And the central fact remains: The Trump administration wouldn’t allow thousands of transgender men and women—those who do have a binary gender identity—to serve in the military unless they are living as the sex they were assigned at birth. In that sense, the military would only be adding to the social forces that already discourage people from transitioning until later in life.
“The reality is that transgender people sometimes don’t transition or transition later in life because of discrimination and social pressures,” Jennifer Levi, director of the GLBTQ Legal Advocates and Defenders’ Transgender Rights Project and one of the attorneys in the case, told The Daily Beast. “And they certainly shouldn’t have to face that kind of discrimination from their country when all they’re seeking to do is serve.”
Levi argued Monday that it was cruel to expect transgender people to live as their biological sex, arguing that “a requirement that someone suppress their identity is not an exception to a ban,” while also fielding several questions from Judge Stephen F. Williams, who seemed more sympathetic to the government’s argument.
Levi told The Daily Beast that Monday’s hearing “was a very important educational moment to really address the reality of transgender people’s lives and be able to explain why requiring a transgender person to live in their birth sex is discriminatory and cruel, and why it ultimately harms the military to have that kind of policy.”
A recent review of peer-reviewed literature on the effects of transition for transgender well-being from Cornell University’s What We Know Project concluded that transition “can significantly improve the well-being of transgender individuals,” and that, conversely, “transgender individuals” who cannot access treatment “are more likely than the general population to experience health challenges such as depression, anxiety, suicidality, and minority stress.”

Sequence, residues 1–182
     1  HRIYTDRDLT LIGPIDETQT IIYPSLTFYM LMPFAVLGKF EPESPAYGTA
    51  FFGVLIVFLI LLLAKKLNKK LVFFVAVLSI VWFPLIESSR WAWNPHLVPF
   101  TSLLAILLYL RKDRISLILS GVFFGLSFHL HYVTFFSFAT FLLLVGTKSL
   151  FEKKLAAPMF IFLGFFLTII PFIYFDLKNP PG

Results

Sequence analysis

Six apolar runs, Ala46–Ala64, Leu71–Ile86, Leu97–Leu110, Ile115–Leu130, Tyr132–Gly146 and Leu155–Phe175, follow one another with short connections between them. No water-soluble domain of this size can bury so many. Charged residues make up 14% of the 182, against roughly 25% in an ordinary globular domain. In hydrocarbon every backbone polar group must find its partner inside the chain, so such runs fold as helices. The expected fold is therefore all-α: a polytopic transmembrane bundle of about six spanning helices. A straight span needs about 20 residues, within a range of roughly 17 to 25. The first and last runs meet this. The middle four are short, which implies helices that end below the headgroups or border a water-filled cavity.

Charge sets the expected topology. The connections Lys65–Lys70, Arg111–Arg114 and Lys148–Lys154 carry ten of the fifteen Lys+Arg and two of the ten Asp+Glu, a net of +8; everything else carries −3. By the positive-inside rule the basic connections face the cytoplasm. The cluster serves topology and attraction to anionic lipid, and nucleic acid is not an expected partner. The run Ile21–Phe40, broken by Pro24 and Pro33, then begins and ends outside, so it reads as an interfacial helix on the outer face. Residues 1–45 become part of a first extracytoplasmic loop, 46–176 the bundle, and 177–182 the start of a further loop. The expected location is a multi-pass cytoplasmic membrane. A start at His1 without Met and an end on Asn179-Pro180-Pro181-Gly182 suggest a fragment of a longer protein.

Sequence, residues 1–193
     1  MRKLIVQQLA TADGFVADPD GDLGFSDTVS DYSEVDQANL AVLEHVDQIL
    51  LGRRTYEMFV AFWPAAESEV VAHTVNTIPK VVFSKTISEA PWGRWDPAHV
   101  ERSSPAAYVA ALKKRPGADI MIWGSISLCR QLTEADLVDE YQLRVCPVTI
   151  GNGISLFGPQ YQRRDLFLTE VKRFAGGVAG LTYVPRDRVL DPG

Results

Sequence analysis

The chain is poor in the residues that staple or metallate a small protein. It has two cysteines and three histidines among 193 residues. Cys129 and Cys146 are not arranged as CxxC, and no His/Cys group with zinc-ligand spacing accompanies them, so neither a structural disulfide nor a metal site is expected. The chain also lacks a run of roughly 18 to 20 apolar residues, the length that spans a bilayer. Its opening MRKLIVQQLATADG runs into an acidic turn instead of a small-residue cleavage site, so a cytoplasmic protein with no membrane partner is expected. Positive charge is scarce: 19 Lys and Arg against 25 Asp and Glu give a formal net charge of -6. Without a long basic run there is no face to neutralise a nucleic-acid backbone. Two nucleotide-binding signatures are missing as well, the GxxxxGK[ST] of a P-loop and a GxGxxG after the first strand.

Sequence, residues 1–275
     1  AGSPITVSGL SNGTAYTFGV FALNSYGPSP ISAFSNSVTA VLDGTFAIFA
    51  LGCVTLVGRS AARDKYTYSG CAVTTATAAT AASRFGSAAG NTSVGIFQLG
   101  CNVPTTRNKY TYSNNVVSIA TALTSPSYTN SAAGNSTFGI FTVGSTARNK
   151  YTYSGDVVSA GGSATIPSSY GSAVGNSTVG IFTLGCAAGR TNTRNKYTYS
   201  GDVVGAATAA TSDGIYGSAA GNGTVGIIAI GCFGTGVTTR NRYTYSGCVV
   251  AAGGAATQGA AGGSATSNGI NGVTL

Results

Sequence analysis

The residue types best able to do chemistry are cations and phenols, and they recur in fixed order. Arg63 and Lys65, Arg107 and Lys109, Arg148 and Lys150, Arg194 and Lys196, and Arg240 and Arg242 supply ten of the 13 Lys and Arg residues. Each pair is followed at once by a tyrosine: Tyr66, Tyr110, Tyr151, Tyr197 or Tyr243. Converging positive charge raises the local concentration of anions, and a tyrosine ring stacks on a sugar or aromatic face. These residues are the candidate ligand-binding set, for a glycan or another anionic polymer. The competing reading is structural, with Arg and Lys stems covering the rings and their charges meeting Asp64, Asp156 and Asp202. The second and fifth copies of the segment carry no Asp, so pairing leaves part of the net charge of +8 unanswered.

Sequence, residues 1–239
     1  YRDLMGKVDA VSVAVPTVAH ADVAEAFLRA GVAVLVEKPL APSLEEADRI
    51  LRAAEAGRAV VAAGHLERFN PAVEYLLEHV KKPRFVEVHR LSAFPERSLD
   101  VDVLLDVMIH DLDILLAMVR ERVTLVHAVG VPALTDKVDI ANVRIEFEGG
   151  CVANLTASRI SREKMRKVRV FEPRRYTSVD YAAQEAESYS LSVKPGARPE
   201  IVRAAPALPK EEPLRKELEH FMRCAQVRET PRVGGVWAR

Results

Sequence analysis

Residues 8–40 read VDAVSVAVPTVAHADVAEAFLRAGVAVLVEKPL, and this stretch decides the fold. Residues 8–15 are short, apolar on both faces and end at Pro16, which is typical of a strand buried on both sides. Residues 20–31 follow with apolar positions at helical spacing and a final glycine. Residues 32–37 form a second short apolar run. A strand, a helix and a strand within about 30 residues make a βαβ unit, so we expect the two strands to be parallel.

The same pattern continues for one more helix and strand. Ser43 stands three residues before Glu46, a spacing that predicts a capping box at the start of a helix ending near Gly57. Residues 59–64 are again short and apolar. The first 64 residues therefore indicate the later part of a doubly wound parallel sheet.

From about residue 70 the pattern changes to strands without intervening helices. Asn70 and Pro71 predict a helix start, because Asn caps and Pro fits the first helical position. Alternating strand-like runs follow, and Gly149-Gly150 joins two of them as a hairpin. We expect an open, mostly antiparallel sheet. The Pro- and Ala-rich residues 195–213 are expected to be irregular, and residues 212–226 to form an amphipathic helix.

In that sense, LGBT advocates say, the Mattis policy would effectively require transgender people in the military to risk their mental health to keep their jobs.
In response to questions from The Daily Beast, a DOJ spokesperson maintained that Mattis’ revised policy was not a transgender troop ban per se: “The Mattis policy holds that transgender persons should not be disqualified from service solely on account of their transgender status.”
“The standards proposed by Secretary Mattis would disqualify applicants with a history of gender dysphoria or medical treatment associated with gender transition—unless the applicant meets certain medical criteria,” the spokesperson continued.
While legal challenges over the injunctions on the transgender troop ban are ongoing, the Trump administration separately asked the Supreme Court on Black Friday to grant review in the case before the circuit-level courts have issued their final rulings.
If the government’s circuit-level appeals fail, transgender people will continue to be able to serve openly—as their gender—while the case heads to the highest court.